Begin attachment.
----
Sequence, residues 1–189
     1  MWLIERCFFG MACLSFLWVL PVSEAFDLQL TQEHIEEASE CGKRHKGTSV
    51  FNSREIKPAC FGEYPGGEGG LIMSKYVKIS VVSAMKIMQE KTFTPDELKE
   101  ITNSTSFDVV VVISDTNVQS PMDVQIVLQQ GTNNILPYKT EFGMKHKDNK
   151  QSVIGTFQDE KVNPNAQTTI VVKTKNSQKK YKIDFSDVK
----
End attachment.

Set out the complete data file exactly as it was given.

Sequence, residues 1–189
     1  MWLIERCFFG MACLSFLWVL PVSEAFDLQL TQEHIEEASE CGKRHKGTSV
    51  FNSREIKPAC FGEYPGGEGG LIMSKYVKIS VVSAMKIMQE KTFTPDELKE
   101  ITNSTSFDVV VVISDTNVQS PMDVQIVLQQ GTNNILPYKT EFGMKHKDNK
   151  QSVIGTFQDE KVNPNAQTTI VVKTKNSQKK YKIDFSDVK